"When one tugs at a single thing in nature, he finds it attached to the rest of the world." -John Muir
Last week I visited a friend in California and we took a day trip to Muir Woods to see the redwoods. It was a Saturday and we were worried it would be crowded so we almost didn't go. But I am so happy we went because it was a place unlike any other. Although there was a decent crowd of tourists there is an air of majesty and quietude that permeates these woods. The tallest tree is over 250 feet, the widest over 14 feet, and some of them are over 1,000 years old.. One feels dwarfed by these giants and it is easy to feel that we are just a blip on their aged radar.
It is ironic that my favorite photo from Muir Woods was of a giant horsetail (above) and not a giant redwood. But if you follow this blog you know I love repetition and getting up close to things. And I really liked the way the many thin threads of the horsetail perfectly illustrated John Muir's quote. I picture myself trying to tug on just one thread knowing that it will move all the threads. I also learned that the roots of the redwood trees only go down 10-13 feet, but they spread out nearly 100 feet interconnecting with the roots of other trees. I picture them helping to hold each other upright when it is windy.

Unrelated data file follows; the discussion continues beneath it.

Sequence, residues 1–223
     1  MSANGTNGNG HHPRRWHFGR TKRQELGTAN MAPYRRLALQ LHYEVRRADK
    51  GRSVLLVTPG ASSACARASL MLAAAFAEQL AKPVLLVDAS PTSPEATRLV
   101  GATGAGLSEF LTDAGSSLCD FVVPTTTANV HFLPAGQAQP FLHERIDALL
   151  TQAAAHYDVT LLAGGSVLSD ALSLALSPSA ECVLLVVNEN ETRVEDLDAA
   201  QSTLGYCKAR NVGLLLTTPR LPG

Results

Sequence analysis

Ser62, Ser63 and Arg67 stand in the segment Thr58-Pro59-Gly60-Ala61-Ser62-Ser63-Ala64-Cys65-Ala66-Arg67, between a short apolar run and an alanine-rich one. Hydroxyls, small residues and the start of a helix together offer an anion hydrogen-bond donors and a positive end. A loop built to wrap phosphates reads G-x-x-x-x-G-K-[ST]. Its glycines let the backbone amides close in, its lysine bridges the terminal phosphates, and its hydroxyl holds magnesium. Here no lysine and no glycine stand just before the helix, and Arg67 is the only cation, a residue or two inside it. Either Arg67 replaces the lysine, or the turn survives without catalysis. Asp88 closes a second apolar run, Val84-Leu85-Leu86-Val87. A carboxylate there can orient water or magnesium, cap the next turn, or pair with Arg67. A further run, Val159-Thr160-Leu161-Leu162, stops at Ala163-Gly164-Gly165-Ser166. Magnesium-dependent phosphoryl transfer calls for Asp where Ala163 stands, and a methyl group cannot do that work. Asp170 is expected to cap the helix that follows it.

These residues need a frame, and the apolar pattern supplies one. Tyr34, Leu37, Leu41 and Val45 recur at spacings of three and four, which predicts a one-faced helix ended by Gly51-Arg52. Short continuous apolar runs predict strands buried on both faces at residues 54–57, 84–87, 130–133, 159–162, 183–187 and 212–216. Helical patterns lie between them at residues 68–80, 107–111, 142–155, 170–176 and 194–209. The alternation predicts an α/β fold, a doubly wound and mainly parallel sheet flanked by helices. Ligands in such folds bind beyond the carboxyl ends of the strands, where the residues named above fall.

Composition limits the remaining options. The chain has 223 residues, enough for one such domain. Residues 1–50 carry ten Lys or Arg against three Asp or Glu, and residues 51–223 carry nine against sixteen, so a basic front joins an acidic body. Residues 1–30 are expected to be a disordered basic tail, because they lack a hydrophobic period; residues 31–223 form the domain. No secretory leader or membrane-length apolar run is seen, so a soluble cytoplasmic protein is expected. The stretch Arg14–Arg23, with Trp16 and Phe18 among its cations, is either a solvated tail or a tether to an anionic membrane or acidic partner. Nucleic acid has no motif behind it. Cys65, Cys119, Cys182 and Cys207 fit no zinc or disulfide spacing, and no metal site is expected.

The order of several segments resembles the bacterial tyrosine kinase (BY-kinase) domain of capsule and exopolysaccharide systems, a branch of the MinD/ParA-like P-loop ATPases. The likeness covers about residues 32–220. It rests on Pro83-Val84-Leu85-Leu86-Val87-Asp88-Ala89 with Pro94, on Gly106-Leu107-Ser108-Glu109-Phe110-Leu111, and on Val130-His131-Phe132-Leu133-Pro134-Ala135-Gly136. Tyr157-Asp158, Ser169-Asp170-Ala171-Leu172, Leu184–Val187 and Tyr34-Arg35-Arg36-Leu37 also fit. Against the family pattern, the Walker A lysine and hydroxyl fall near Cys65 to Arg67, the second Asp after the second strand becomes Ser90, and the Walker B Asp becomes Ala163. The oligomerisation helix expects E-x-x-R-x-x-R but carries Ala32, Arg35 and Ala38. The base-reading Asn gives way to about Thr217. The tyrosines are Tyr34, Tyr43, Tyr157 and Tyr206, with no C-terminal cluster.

It was also interesting to learn the importance of fog to these giant trees. Apparently the trees are able to take in fog that has condensed on the leaves through tiny pores. I never thought about trees "drinking" in the fog before this trip. (I learned here redwoods were the first trees found to move water in both directions.)
Maybe it's because I am reading Sally Kempton's book about the many-armed yoga goddesses, but when I saw this last photo it appeared to me to be a goddess looking down at me waving all of her arms. Just looking at her now I feel her power and am humbled to have had the chance to stand at her feet and observe her majesty.